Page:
NEW YORK Less than four weeks before the start of spring training, Ivan Rodriguez and Greg Maddux are still looking for the right deals.
Rodriguez, the 10-time All-Star catcher who helped Florida win the World Series last year, received a $40 million, four-year offer from Detroit last week.
His agent, Scott Boras, plans to make a counteroffer to the Tigers on Friday. Rodriguez isn't close to a deal.
''We're continuing to talk to a number of teams and are working through this in a methodical fashion,'' Boras said Thursday.
Rodriguez rejected a $24 million, three-year offer to re-sign with Florida on Dec. 7. The Marlins are ineligible to re-sign him until May 1, although they could agree to a minor league deal and bring him up after the first month.
''We have no rights to him,'' general manager Larry Beinfest said Thursday. ''I would absolutely say all these things are speculative because there's nothing we can do on our end. Pudge is a terrific ballplayer. I'm sure there's a lot of interest in him and ultimately it's up to him what he's doing with his career and where he wants to play, and we're not a part of that right now.''
Maddux, a four-time Cy Young Award winner, has received a two-year offer from the Chicago Cubs but also isn't close to a decision, Boras said.
Among players in salary arbitration, AL Cy Young Award winner Roy Halladay agreed to a $42 million, four-year contract with the Toronto Blue Jays. He would have been eligible for free agency after the 2005 season.
''I want to win here and be part of a team that builds something rather than going out and just trying to sign with a team that has the best chance to win,'' he said. ''It's hard to say what things are like in other organizations, but I can't see myself being any happier anyplace else.''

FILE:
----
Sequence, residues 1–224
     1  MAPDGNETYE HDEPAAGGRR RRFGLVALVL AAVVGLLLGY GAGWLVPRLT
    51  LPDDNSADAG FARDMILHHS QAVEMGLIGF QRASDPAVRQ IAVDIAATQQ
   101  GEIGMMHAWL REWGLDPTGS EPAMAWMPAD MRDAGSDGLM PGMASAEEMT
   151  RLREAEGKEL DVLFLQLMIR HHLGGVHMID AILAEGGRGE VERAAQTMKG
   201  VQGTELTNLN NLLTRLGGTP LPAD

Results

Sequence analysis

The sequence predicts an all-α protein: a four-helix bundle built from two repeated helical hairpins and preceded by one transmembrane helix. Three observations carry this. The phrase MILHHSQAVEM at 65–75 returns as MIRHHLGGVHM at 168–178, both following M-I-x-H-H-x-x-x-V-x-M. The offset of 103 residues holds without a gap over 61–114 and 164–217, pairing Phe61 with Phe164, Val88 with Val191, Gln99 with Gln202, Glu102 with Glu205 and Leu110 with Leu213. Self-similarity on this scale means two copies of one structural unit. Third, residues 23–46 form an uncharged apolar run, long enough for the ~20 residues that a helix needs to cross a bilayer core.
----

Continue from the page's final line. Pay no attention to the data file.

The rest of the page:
Halladay, 22-7 with a 3.25 ERA last season, gets $6 million this year, $10.5 million in 2005, $12.7 million in 2006 and $12.8 million in 2007.
''If you have one of the top 10 pitchers in baseball, that's a commodity that you don't want to let get away,'' Blue Jays general manager J.P. Ricciardi said. ''We think our best baseball is ahead of us and we wanted Roy to be part of that.''
Utilityman Damian Rolls agreed to an $800,000, one-year contract with Tampa Bay. The 26-year-old infielder-outfielder sought $900,000 and the Devil Rays offered $700,000. The difference was the smallest among the 27 players who exchanged figures with their teams in arbitration Tuesday.
Tampa Bay also agreed to an $850,000, one-year contract with left-hander Damian Moss and a minor league contract with right-hander Todd Ritchie, who would get a $500,000 deal if he's added to the roster.
Shingo Takatsu, Japan's career saves leader with 260, finalized his $1 million, one-year contract with the Chicago White Sox.
''Takatsu has enjoyed a spectacular 13-year career in Japanese baseball, and ranks as one of the greatest relief pitchers in his country's history,'' White Sox general manager Ken Williams said. ''We were impressed by his desire to come to the United States and fulfill his dream of competing in major league baseball.''
In Coral Gables, Fla., Orlando Hernandez worked out in front of scouts for about 20 major league teams, and the free-agent pitcher said he's nearing a full recovery from shoulder surgery.
El Duque, who missed all of last season, threw 35 pitches at the University of Miami.
''I'm not 100 percent, but by spring training I should be 100 percent,'' Hernandez said through an interpreter. ''I'm at about 85 percent. I've been coming back quicker and quicker every day.''
In San Salvador, El Salvador, Cuban pitcher Maels Rodriguez and second baseman Yobal Duenas worked out for scouts from 15 teams, including the Yankees, Mets and Red Sox.
The players fled Cuba in October, arriving by boat in Mexico. They traveled to El Salvador at the end of last year.
''The important thing is to show that I am very well physically, that the arm is healthy,'' said Rodriguez, who didn't top 90 mph.
AP Sports Writer Steven Wine in Miami contributed to this report.
© 2017. All Rights Reserved. | Contact Us